The Sample Complexity of Toeplitz Covariance Estimation

Wednesday, June 5, 2019 - 4:00pm to 5:00pm
Location: 
32-G575
Speaker: 
Jerry Li
Biography: 
Microsoft Research
We study the query complexity of estimating the covariance matrix T of a distribution D over d-dimensional vectors, under the assumption that T is Toeplitz. This assumption is standard in a wide variety of signal processing problems, where the covariance between any two measurements only depends on the time or distance between those measurements. In many of these applications, we are interested in
estimation strategies that may choose to view only a subset of entries in each d-dimensional sample x from D. We care about minimizing both 1) the number of samples taken and 2) the number of entries accessed in each sample, which often equates to minimizing equipment requirements in applications ranging from wireless transmission to advanced imaging.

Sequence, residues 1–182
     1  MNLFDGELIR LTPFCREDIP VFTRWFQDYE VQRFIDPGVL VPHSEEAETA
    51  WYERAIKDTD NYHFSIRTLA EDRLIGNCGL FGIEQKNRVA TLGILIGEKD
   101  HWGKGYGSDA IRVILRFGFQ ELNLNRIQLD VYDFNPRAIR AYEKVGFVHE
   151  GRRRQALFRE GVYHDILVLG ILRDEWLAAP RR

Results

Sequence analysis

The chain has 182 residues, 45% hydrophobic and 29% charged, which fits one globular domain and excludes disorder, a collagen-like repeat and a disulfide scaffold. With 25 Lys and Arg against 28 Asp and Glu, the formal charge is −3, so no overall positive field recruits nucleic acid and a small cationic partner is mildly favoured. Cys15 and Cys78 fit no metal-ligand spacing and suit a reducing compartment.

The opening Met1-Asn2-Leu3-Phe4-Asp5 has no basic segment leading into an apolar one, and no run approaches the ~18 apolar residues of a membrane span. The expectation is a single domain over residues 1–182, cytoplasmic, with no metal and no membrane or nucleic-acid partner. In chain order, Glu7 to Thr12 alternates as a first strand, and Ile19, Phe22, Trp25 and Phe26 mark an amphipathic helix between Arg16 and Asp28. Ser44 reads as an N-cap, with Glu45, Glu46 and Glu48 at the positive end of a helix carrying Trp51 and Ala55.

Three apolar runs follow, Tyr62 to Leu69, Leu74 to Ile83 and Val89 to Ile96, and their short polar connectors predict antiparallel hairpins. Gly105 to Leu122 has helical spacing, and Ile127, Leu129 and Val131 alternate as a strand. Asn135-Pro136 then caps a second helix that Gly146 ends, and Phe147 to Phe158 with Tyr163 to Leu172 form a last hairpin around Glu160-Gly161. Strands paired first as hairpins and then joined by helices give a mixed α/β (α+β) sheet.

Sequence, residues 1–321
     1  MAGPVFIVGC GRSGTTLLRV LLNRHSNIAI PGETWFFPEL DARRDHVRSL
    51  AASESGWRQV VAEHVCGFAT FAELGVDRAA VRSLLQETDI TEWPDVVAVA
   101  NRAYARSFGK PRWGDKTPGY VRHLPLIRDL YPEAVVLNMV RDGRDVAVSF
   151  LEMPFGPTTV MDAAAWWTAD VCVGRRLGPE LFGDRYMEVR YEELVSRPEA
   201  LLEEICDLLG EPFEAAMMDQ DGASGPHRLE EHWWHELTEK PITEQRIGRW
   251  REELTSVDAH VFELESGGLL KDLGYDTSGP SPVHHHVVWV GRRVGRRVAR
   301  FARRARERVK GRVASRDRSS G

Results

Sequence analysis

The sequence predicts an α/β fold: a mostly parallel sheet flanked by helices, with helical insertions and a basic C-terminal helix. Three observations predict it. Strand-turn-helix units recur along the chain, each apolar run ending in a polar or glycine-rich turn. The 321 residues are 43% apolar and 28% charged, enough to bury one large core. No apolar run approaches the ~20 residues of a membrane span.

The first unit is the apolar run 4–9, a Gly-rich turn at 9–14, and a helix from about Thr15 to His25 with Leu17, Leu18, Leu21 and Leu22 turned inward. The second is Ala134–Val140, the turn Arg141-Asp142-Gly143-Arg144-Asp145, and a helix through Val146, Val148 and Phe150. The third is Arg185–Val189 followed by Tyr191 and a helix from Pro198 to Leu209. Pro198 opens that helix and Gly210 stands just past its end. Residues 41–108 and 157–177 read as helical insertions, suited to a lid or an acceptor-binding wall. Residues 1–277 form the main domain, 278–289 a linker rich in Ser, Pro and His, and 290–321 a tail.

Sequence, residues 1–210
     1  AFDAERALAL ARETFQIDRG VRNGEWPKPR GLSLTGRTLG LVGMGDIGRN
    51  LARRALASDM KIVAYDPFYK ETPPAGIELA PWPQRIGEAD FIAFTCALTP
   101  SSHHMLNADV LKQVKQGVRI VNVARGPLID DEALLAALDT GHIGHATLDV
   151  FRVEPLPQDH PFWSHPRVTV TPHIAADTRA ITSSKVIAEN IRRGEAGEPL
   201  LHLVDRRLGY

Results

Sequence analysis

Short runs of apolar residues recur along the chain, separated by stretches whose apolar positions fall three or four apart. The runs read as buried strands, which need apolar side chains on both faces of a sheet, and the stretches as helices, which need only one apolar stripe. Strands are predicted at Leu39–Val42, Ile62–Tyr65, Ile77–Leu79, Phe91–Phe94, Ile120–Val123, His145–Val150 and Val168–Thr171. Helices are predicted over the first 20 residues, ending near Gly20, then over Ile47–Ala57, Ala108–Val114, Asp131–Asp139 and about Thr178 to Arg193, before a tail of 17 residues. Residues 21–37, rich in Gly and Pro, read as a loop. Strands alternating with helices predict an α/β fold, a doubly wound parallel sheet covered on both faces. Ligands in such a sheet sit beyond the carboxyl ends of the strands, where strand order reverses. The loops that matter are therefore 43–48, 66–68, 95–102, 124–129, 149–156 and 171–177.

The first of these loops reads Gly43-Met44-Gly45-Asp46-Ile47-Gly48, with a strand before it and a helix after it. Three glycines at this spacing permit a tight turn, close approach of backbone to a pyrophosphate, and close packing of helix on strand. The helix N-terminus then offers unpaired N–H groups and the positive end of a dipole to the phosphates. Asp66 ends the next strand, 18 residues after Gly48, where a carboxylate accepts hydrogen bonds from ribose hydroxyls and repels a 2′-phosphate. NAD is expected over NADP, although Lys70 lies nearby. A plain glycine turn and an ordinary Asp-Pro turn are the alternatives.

We give many of the first non-asymptotic bounds on these sample complexity measures. We analyze classical and widely used estimation algorithms, in particular methods based on selecting entries from each sample according to a `sparse ruler'. We explain how sparse ruler based estimation can significantly outperform naive methods when T is close to low-rank, as is
often the case in practice. We also develop a novel sampling and estimation strategy that improves on known algorithms in the low-rank case. Our method utilizes tools from random matrix sketching, leverage score based sampling techniques for continuous time signals, and sparse Fourier transform algorithms.

Joint work with Y. Eldar, C. Musco, and C. Musco.